Advisory Committee Chair
Advisory Committee Members
Date of Award
Degree Name by School
Doctor of Philosophy (PhD) Heersink School of Medicine
TGF-beta and the Wnt signaling pathways play key roles in regulating ductal growth and branching morphogenesis in the mammary gland. Disruption to this signaling can cause deregulation of the normal mammary stem cell population and foster an environment favorable for tumorigenesis and recurrence. Recent studies show that TGF-beta up-regulates expression of the non-canonical Wnt, Wnt5a, in the mammary gland and that Wnt5a antagonizes canonical Wnt/beta-catenin signaling in mammary epithelial cells. Canonical Wnt/beta-catenin signaling has been strongly implicated in expanding the mammary stem/progenitor cell pool. Here, we test the hypothesis that Wnt5a suppresses the expansion of the mammary stem and progenitor cell population by antagonism of canonical Wnt signaling. Using mammosphere assays to propagate mammary stem/progenitor cells, we demonstrate that Wnt5a treatment limits the size and number of mammospheres and attenuates the expression of canonical Wnt target genes in wild-type cultures. Furthermore, secondary mammospheres previously treated with Wnt5a demonstrate similar inhibition of mammosphere formation. To investigate the effects of Wnt5a on canonical Wnt signaling in mammary tissue in vivo, we generated transgenic mice expressing both MMTV-Wnt1 and MMTV-Wnt5a. MMTV-Wnt1;MMTV-Wnt5a mice showed decreased basal and progenitor cells in non-tumor tissues as well as decreased tumor formation and a shift in tumor phenotype towards less basal-like characteristics. These results suggest a novel mechanism for regulation of mammary stem cells and tumor suppression and warrant future studies to explore the mechanism underlying Wnt5a antagonism of canonical Wnt signaling in greater detail.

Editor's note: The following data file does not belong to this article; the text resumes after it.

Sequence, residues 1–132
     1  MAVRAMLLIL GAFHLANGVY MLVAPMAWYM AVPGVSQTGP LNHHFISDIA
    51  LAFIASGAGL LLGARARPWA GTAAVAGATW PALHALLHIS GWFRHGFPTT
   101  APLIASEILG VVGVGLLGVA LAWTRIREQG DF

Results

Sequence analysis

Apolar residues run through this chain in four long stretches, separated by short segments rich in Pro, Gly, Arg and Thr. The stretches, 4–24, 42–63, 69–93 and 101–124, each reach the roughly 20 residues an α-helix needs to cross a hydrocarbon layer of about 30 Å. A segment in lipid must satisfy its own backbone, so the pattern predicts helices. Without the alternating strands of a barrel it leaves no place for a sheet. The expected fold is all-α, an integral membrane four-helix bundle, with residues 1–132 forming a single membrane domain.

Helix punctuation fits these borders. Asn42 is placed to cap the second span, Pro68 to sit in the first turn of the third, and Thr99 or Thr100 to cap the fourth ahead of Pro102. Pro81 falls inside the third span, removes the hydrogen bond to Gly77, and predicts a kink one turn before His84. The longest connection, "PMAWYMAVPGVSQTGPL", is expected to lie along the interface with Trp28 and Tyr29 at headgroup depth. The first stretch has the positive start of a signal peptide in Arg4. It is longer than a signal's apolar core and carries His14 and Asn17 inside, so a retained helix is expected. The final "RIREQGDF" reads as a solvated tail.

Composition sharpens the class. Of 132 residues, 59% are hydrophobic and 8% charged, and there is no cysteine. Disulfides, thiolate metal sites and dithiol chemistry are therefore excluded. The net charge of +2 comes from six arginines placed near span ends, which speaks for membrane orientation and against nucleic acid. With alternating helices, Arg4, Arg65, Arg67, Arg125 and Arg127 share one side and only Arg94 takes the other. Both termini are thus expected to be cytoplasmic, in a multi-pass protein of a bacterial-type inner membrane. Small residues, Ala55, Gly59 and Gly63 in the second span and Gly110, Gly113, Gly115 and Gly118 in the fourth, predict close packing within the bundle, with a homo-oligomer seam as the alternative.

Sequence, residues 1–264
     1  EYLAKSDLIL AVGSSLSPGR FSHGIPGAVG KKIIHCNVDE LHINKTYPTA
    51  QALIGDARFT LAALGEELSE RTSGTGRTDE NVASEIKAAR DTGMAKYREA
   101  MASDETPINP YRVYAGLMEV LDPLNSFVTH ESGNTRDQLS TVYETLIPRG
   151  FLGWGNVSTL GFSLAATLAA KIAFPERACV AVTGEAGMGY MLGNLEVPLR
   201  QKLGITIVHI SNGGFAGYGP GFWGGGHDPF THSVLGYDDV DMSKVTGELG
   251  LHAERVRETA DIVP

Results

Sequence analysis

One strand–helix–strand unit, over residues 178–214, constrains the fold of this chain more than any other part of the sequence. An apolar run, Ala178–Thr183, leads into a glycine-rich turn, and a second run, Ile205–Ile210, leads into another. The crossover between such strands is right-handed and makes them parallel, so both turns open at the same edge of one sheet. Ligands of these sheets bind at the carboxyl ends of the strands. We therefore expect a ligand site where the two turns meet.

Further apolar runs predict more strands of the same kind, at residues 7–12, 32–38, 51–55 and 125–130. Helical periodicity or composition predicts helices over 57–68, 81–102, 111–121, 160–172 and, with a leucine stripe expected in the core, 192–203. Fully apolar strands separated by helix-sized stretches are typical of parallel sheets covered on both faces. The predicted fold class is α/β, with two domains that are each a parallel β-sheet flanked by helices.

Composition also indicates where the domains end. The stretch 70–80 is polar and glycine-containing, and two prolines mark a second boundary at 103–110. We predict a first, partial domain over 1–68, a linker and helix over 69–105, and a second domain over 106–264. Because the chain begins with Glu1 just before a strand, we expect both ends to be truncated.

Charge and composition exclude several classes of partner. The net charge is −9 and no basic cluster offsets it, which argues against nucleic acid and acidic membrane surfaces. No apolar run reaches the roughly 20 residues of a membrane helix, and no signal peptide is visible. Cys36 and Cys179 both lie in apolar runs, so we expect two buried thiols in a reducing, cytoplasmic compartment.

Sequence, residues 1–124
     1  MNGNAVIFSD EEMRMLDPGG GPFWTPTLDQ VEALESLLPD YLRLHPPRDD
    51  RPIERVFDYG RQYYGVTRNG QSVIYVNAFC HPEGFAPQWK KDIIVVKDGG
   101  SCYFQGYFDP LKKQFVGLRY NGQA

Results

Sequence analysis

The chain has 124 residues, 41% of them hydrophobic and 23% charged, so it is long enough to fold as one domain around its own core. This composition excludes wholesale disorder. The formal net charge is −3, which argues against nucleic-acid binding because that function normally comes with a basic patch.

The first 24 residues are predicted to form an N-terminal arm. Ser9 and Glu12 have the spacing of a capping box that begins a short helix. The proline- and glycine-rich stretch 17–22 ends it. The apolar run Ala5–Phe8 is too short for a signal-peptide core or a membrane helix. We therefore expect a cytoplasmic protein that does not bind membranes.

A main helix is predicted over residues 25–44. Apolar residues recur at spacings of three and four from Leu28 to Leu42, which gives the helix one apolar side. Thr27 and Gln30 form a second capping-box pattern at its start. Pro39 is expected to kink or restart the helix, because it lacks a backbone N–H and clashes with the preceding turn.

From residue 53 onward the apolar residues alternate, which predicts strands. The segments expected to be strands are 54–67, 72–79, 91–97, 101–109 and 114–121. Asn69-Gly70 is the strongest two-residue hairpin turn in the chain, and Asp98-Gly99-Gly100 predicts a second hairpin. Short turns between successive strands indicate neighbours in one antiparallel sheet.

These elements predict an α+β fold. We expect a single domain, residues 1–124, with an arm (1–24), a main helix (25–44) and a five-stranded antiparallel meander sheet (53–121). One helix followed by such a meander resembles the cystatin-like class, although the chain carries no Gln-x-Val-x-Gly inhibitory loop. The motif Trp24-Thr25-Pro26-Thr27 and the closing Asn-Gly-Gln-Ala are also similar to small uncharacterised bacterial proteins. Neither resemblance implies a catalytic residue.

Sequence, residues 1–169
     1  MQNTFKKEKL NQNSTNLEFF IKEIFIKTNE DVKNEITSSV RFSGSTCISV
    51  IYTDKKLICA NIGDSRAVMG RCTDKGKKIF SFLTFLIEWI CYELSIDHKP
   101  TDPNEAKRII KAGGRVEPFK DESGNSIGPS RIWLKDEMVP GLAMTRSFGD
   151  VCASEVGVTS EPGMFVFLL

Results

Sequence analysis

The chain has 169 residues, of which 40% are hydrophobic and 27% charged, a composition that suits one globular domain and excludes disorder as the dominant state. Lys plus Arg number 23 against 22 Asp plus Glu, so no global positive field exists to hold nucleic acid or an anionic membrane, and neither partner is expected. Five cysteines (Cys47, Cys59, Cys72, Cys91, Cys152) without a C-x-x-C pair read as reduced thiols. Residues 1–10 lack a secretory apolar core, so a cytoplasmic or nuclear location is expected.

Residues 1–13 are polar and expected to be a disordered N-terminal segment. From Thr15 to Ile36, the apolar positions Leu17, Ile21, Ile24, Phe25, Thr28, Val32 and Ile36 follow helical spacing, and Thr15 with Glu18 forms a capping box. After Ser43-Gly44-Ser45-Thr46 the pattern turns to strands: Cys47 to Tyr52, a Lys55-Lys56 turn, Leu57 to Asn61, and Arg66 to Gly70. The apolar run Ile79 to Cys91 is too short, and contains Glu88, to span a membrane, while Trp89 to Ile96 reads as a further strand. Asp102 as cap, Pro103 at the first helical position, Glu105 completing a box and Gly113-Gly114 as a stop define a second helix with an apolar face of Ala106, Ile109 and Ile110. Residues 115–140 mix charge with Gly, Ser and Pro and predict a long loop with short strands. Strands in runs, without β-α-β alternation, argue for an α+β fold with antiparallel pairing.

Easter, Stephanie, "The role of Wnt5a in tumor suppression and differentiation" (2014). All ETDs from UAB. 1573.